Monday, September 26, 2011

Geckos and Physics


The toes of the gecko have a special adaptation that allows them to adhere to most surfaces without the use of liquids or surface tension. The spatula tipped setae on gecko footpads allow attractive forces called van der Waals interactions to arise between the adhesive setae and the surface. One study suggested that capillary adhesion might play a role[3], but that hypothesis has been rejected by more recent studies[4] [5] [6].
These van der Waals interactions involve no fluids; in theory, a boot made of synthetic setae would adhere as easily to the surface of the International Space Stationas it would to a living room wall, although adhesion varies with humidity[5] [6]. The setae on the feet of geckos are also self cleaning and will usually remove any clogging dirt within a few steps.[7][8] Teflon, which has very low van der Waals forces,[9] is more difficult for geckos to adhere to than many other surfaces.
Geckos' toes seem to be "double jointed", but this is a misnomer. Their toes actually bend in the opposite direction from our fingers and toes. This allows them to overcome the van der Waals force by peeling their toes off surfaces from the tips inward. In essence, this peeling action alters the angle of incidence between millions of individual setae and the surface, reducing the Van der Waals force. Geckos' toes operate well below their full attractive capabilities for most of the time. This is because there is a great margin for error depending upon the roughness of the surface, and therefore the number of setae in contact with that surface.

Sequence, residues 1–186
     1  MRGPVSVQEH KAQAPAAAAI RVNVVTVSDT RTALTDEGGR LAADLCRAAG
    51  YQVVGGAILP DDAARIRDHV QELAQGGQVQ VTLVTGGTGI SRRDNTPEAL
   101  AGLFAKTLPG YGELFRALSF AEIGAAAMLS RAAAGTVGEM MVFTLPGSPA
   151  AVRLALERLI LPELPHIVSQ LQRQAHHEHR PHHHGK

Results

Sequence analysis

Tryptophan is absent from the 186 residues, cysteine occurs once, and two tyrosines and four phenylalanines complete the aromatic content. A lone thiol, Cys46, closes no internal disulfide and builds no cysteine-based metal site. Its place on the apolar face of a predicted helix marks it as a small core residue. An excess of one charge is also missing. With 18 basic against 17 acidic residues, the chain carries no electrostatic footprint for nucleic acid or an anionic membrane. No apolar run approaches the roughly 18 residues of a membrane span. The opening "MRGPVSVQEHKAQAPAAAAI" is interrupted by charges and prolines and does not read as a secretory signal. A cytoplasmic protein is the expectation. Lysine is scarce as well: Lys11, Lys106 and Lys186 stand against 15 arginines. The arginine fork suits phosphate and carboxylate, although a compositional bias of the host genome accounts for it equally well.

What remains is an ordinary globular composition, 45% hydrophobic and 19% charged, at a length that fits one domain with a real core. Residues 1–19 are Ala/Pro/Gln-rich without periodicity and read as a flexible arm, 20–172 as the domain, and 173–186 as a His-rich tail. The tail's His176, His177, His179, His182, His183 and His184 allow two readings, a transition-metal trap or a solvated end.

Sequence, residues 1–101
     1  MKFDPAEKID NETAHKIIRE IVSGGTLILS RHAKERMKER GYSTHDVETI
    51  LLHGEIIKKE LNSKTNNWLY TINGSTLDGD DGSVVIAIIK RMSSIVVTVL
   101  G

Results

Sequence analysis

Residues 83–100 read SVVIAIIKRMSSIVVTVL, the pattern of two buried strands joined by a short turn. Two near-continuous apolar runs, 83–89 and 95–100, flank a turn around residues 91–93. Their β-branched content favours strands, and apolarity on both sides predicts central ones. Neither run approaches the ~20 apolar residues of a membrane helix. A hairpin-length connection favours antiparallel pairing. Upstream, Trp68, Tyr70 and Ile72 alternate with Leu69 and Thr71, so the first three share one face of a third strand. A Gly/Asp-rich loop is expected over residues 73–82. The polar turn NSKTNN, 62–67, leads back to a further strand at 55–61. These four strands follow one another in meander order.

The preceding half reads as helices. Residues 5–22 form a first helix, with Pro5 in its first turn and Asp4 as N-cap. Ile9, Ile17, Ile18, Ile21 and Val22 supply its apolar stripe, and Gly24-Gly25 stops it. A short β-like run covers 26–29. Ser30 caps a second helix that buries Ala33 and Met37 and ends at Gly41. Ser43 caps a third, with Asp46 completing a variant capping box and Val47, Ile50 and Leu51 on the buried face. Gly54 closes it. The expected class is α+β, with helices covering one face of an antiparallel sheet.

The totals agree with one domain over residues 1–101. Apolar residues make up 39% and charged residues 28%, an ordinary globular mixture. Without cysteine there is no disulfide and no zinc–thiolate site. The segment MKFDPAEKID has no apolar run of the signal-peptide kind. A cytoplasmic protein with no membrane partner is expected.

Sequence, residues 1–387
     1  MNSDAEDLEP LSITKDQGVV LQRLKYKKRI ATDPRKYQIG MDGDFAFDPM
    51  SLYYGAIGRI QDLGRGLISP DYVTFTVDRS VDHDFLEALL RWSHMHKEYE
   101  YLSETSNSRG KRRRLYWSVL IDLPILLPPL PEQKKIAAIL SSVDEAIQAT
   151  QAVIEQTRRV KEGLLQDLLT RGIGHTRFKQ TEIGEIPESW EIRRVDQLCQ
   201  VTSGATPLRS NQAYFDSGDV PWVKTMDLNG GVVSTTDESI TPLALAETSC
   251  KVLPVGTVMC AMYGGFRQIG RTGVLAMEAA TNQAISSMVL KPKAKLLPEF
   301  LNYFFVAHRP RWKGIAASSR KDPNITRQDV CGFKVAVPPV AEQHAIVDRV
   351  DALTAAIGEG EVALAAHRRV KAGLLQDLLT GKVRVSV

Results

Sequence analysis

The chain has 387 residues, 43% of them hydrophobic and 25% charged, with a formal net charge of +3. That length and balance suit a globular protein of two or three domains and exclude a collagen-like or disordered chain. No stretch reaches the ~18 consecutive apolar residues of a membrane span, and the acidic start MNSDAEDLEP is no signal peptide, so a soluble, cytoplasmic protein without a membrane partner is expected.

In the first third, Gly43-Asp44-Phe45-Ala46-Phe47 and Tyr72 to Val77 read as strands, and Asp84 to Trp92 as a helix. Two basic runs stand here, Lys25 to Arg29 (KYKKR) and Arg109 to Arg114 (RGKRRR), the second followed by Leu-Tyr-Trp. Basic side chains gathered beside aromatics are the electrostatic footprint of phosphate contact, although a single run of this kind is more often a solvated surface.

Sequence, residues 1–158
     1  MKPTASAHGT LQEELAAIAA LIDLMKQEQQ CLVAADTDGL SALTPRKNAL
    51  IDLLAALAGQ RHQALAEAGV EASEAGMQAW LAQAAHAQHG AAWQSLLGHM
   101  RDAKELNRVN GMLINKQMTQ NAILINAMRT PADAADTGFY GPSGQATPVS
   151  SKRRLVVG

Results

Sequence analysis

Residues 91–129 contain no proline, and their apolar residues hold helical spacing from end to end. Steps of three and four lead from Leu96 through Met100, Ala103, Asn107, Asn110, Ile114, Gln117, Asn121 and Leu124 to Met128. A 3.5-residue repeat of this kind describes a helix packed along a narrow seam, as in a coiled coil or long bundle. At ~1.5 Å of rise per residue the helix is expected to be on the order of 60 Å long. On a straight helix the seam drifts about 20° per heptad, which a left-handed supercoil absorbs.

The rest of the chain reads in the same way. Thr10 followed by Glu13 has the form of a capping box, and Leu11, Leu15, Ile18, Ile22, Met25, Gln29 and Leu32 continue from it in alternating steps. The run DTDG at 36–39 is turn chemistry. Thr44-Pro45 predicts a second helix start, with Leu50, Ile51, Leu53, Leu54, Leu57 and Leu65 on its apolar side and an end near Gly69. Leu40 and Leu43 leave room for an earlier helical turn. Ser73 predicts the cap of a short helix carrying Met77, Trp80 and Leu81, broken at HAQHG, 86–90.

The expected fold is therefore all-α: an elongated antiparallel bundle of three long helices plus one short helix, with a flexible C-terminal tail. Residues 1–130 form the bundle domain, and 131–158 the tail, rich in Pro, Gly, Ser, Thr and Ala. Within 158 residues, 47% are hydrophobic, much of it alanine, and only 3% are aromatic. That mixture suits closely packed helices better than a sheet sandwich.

Uroplatus fimbriatus clinging to glass.
Use of small van der Waals attraction force requires very large surface areas: every square millimeter of a gecko's footpad contains about 14,000 hair-like setae. Each seta has a diameter of 5 micrometers. Human hair varies from 18 to 180 micrometers, so a human hair could hold between 3 and 36 setae. Each seta is in turn tipped with between 100 and 1,000 spatulae.[7] Each spatula is 0.2 micrometer long[7] (one five-millionth of a meter), or just below the wavelength of visible light.[10]
If a typical mature 70 g (2.5 oz) gecko had every one of its setae in contact with a surface, it would be capable of holding aloft a weight of 133 kg (290 lb):[11] each spatula can exert an adhesive force of 10 nanonewtons (0.0010 mgf)[12]. Each seta can resist 10 milligrams-force (100 ┬ÁN), which is equivalent to 10 atmospheres of pull.[7] This means a gecko can support about eight times its weight hanging from just one toe on smooth glass.[7]

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